Was Aaron Rodgers criticizing Mike McCarthy with comments on 'terrible' offense?

Yahoo Sports

He didn’t mention Mike McCarthy by name.

But it sure sounded like Aaron Rodgers was delivering a message to his head coach when lamenting the Green Bay Packers offense after Sunday’s 22-0 win over the Buffalo Bills.

The Packers cruised in beating the lowly Bills, but Rodgers wasn’t satisfied with the way Green Bay’s offense performed.

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Rodgers: Packers were ‘terrible on offense’

“We were terrible on offense,” Rodgers said. “We were a championship defensive-level and non-playoff team offensive-level today. That was not great by any stretch of the imagination.”

Those do not sound like the comments of a man coming off a dominant win.

The Packers outgained the Bills 423 yards to 145 and were in control the entire game. But Rodgers had a pedestrian game by his lofty standards, tallying 298 yards, one touchdown and one interception while completing 55 percent of his passes.

“We need to find ways to get our playmakers in position to get some more opportunities,” Rodgers said. “You know, a game like today — Davante [Adams is] a tough cover for anybody, but he should have had 20 targets today. They couldn’t stop him. They dared to play one-high a few times. So, we have to find ways to get him the ball and Jimmy [Graham] as well.”

Aaron Rodgers didn’t mention Mike McCarthy by name, but it sure sounded like he was delivering a message to his head coach. (Getty)
Aaron Rodgers didn’t mention Mike McCarthy by name, but it sure sounded like he was delivering a message to his head coach. (Getty)

Rodgers calls out Packers game plan by name

If that didn’t sound like a shot at the calls coming from the sideline, then his idea on how to get Adams more involved certainly did.

“It’s by the plan,” Rodgers said. “Find ways to get him in No. 1 spots.”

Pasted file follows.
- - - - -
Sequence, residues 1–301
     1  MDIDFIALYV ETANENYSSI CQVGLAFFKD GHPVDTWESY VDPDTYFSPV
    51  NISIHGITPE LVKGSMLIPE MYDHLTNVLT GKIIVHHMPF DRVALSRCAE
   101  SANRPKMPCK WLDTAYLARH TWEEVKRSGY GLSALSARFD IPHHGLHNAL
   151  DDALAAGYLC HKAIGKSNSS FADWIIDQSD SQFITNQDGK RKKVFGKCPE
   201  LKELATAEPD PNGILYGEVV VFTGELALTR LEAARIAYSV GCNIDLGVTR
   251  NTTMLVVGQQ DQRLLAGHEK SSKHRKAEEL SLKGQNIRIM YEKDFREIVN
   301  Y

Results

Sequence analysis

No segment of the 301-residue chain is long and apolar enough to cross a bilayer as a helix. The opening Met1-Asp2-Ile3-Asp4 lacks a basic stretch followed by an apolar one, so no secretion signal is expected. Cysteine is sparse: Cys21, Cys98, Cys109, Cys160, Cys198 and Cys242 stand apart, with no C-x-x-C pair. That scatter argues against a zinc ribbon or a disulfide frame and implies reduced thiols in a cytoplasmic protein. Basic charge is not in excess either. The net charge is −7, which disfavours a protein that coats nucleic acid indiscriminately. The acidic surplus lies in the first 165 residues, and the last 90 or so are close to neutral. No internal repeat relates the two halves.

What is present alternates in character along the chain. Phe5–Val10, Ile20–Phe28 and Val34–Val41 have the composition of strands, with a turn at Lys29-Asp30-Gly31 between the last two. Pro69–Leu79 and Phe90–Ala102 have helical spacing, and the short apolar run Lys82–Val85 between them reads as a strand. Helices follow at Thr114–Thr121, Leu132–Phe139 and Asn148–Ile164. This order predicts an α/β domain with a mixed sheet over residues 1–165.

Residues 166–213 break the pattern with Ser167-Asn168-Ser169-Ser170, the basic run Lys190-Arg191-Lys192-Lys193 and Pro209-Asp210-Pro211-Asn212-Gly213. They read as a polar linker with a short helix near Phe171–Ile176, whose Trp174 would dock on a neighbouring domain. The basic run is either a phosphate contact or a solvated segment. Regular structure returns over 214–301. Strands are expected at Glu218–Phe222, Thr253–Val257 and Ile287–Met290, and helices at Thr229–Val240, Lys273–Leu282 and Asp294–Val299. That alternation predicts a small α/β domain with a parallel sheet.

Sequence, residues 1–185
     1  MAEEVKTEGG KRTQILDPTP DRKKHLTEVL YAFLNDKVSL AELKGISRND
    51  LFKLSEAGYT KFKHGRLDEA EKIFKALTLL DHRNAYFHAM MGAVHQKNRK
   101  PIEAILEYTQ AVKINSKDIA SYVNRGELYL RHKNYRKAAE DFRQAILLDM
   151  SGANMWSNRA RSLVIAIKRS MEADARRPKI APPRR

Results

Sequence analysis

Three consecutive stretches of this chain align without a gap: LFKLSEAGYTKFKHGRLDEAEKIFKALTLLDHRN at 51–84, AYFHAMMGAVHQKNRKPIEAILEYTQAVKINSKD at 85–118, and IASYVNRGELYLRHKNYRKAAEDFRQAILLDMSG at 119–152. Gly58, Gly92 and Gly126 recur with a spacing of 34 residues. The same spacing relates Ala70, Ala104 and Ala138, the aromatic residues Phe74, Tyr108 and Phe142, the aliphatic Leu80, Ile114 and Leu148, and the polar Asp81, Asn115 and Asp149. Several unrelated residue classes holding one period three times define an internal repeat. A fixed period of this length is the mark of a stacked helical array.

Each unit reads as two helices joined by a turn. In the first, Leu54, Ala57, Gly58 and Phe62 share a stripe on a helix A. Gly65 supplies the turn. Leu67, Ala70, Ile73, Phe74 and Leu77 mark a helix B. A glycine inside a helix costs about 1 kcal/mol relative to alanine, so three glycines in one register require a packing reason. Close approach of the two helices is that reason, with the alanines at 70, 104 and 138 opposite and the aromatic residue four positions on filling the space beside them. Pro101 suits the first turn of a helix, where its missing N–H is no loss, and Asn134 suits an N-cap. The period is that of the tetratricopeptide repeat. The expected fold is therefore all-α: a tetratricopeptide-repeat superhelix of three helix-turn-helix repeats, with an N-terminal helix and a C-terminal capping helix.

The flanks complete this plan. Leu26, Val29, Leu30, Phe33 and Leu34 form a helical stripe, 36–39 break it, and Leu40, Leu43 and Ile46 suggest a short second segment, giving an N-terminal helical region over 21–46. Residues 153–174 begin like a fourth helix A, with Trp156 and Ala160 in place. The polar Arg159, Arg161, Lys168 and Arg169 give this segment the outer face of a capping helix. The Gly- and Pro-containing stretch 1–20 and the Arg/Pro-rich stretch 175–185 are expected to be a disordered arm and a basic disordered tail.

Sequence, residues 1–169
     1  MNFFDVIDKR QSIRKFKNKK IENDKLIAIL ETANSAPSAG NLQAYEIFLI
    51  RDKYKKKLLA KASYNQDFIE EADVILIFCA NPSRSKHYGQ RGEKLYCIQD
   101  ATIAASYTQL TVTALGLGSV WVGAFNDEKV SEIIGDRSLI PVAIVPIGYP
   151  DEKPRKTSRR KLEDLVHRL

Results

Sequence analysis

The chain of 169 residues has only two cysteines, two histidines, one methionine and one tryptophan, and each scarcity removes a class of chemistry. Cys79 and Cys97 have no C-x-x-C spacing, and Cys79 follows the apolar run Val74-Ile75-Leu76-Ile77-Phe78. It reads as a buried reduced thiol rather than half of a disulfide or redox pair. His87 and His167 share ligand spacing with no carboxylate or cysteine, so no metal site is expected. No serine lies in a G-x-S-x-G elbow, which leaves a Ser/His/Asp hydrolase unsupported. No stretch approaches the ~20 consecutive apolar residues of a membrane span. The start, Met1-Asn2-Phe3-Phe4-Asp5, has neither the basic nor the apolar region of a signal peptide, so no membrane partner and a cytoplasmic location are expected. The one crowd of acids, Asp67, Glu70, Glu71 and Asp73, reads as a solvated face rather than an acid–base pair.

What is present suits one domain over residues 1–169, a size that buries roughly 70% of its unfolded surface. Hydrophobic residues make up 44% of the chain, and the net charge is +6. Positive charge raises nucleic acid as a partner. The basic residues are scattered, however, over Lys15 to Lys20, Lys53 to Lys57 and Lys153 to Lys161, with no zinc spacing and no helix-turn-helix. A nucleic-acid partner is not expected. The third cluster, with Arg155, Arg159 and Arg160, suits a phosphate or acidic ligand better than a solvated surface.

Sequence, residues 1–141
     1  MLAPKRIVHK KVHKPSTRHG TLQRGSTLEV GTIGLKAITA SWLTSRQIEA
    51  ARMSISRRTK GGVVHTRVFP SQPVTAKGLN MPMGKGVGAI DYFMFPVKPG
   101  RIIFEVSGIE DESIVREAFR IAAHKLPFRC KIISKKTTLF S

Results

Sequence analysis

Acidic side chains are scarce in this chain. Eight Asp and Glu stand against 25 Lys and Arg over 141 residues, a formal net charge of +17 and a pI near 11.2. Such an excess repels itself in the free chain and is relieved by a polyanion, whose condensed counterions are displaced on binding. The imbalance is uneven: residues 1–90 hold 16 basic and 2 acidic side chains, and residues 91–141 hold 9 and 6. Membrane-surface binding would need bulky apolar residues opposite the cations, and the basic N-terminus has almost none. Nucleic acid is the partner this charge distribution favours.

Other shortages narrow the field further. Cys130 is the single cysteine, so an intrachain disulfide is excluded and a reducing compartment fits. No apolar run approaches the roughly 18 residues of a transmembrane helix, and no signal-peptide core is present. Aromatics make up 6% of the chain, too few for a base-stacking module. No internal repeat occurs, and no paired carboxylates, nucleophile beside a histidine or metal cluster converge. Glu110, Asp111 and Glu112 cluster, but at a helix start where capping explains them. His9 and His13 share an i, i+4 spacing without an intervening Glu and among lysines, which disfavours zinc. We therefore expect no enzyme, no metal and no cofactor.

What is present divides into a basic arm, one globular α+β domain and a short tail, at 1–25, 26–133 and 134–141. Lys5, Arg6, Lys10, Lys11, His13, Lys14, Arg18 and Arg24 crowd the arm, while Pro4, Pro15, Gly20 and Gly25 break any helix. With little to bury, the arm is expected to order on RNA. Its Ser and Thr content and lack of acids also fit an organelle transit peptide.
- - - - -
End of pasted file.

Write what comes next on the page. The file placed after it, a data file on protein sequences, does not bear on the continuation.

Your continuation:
Adams led the team with eight catches for 81 yards, but didn’t come up with the kinds of big plays the Packers depend on from their No. 1 receiver.

Have Packers underachieved with Rodgers?

Rodgers and McCarthy have worked together for the entirety of McCarthy’s 13-year tenure as Green Bay’s head coach. It’s a long-term relationship that’s had its rumored friction before.

The two have won a Super Bowl together. But it’s not a stretch to say that the Packers have underachieved over a decade-plus of having arguably the most talented quarterback of his generation at the helm. McCarthy’s refusal to take chances with a talent like Rodgers can largely be blamed for Green Bay’s loss to the Seattle Seahawks in the 2015 NFC championship.

There are surely Packers fans who wonder how McCarthy kept his job following that performance. With Rodgers in his 14th season, there’s only so much time left in his window to win Super Bowls and build on his legacy, a fact he’s surely aware of.

He wasn’t frothing at the mouth on Sunday. But he was, in his own Aaron Rodgers way, looking to light a fire under his offense and, more particularly, how it’s managed.

“No, I’m happy,” Rodgers said. “I’m excited to go home and have a scotch or two.

“But I’m also a realist. That’s just not acceptable offense for us. Four hundred and twenty-three yards looks pretty good in comparison to some of the games we’ve put forward the first three weeks, but it should have been about 45 points and 600 yards.”

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